Measuring obesity in children: what standards to use? Report as inadecuate




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Jornal de Pediatria 2006, 82 4

Author: Andrew Tomkins

Source: http://www.redalyc.org/articulo.oa?id=399738113003


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Jornal de Pediatria ISSN: 0021-7557 assessoria@jped.com.br Sociedade Brasileira de Pediatria Brasil Tomkins, Andrew Measuring obesity in children: what standards to use? Jornal de Pediatria, vol.
82, núm.
4, julio-agosto, 2006, pp.
246-248 Sociedade Brasileira de Pediatria Porto Alegre, Brasil Available in: http:--www.redalyc.org-articulo.oa?id=399738113003 How to cite Complete issue More information about this article Journals homepage in redalyc.org Scientific Information System Network of Scientific Journals from Latin America, the Caribbean, Spain and Portugal Non-profit academic project, developed under the open access initiative 246 Jornal de Pediatria - Vol.
82, No.4, 2006 Measuring obesity in children – Tomkins A Measuring obesity in children: what standards to use? Andrew Tomkins* Childhood obesity is of increasing public health differences rather than genetic predisposition is still concern because of the rapidly increasing prevalence in disputed.
The third is puberty.
There are clear differences many countries worldwide.1 Obesity contributes to early in body shape between boys and girls and the age at heart disease, the metabolic syndrome including which puberty occurs changes the shape of any age- hyperlipidemia and diabetes, hypertension and stroke.2 specific BMI curve. Policies and programs for improving the nutrition and health of children can only really be developed on an evidence base if there is some information on how many children are overweight and how much A key question remains to be addressed at national and international levels – what standards should be used for diagnosing overweight among children? In May 2000, an important paper was their health risk is increased by being published by Cole and colleagues at a specified level of overweight or frank obesity.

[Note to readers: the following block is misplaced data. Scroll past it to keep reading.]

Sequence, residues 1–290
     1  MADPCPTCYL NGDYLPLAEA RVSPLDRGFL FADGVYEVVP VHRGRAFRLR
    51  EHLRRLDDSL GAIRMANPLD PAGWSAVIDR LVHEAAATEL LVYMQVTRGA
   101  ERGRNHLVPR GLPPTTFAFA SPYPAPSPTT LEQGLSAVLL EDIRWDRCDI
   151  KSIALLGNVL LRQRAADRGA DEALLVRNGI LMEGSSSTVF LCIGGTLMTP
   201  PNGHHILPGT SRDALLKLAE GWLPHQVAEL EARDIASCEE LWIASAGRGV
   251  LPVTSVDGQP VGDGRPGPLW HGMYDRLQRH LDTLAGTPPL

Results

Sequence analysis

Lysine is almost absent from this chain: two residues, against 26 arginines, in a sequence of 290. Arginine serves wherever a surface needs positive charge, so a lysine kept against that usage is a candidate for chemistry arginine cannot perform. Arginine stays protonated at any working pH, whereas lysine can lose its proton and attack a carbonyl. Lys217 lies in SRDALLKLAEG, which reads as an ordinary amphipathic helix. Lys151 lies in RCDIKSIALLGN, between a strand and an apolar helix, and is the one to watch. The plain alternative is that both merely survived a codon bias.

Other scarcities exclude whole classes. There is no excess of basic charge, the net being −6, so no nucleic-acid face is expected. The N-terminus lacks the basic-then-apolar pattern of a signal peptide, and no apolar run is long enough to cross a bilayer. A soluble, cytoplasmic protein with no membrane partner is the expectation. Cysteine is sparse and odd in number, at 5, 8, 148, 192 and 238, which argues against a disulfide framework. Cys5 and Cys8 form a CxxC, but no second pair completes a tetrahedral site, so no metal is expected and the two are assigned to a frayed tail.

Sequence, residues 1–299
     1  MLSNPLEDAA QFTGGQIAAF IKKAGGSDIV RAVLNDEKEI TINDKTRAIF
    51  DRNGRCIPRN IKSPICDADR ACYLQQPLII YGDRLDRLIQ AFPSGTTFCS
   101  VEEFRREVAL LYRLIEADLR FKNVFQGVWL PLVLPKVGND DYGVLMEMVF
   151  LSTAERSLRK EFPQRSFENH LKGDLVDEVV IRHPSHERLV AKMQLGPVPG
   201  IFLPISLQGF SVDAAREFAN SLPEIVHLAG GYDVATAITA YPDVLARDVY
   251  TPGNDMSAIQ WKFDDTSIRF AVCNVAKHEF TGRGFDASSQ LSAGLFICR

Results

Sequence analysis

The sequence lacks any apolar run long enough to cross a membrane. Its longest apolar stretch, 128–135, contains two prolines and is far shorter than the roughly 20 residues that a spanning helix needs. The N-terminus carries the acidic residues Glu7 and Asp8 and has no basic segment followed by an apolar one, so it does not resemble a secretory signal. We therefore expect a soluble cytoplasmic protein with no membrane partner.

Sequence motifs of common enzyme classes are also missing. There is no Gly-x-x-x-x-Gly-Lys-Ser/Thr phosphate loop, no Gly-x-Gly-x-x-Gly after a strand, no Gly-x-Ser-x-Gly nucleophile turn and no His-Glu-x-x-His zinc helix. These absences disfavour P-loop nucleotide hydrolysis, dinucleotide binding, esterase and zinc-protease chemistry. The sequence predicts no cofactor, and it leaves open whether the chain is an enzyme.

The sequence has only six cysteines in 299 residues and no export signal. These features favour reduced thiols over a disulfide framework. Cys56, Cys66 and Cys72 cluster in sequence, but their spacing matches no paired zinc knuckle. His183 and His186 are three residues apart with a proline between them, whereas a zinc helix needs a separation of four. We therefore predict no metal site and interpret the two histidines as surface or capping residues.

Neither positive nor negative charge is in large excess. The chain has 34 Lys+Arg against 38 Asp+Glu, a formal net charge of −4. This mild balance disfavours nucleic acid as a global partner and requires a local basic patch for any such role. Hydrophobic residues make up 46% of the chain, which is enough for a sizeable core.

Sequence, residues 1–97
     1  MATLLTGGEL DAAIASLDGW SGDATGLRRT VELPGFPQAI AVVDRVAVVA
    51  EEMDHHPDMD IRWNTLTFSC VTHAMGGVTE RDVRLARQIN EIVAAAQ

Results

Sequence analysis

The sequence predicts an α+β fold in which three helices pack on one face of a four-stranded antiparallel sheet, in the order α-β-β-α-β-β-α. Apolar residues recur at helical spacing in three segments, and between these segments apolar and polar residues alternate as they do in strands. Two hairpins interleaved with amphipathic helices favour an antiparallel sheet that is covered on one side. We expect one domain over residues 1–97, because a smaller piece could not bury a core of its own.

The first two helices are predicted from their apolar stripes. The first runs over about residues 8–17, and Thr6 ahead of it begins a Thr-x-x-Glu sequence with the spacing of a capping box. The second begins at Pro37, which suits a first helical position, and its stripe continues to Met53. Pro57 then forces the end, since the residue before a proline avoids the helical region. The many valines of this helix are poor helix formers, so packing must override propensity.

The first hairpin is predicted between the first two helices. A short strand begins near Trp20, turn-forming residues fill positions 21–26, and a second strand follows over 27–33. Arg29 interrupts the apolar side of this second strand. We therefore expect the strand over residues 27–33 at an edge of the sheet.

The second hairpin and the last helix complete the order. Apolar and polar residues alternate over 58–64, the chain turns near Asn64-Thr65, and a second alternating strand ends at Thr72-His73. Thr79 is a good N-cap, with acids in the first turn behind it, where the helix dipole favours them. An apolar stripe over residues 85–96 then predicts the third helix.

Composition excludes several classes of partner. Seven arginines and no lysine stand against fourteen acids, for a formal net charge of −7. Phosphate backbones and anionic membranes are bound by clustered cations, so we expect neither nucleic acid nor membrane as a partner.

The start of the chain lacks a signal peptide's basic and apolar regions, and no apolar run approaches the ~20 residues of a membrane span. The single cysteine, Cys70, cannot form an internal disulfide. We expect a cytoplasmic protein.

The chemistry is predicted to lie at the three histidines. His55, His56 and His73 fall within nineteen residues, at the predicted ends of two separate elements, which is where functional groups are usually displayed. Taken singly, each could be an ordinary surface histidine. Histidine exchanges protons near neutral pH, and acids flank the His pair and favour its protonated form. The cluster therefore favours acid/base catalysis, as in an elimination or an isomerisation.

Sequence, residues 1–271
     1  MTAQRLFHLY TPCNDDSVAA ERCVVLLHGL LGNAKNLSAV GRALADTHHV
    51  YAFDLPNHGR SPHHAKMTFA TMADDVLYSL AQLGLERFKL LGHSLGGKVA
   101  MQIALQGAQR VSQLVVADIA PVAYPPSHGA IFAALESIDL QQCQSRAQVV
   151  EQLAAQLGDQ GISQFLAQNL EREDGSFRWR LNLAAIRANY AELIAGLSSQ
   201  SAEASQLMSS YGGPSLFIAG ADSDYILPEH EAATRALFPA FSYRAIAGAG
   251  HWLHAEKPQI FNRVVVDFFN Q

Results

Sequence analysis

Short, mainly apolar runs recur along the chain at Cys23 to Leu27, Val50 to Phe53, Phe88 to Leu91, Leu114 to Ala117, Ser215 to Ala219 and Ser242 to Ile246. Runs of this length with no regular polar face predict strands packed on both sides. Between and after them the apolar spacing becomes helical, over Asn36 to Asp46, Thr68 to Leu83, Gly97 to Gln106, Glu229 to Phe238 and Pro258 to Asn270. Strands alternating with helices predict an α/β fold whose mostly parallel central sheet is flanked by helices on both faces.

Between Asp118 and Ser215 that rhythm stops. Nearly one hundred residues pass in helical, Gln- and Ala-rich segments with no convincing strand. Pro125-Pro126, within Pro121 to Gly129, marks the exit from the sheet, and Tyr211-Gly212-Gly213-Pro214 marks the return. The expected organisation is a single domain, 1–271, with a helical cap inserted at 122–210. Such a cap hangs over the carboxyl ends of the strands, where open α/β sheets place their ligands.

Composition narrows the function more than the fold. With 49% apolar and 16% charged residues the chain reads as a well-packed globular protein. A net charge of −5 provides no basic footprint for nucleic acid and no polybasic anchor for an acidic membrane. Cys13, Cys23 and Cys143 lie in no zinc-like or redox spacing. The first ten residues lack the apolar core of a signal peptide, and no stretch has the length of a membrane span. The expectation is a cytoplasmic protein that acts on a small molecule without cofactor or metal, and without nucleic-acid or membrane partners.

Among adults this is relatively easy because of the wellestablished statistical risk of early describing weight and height at See related article on page ...





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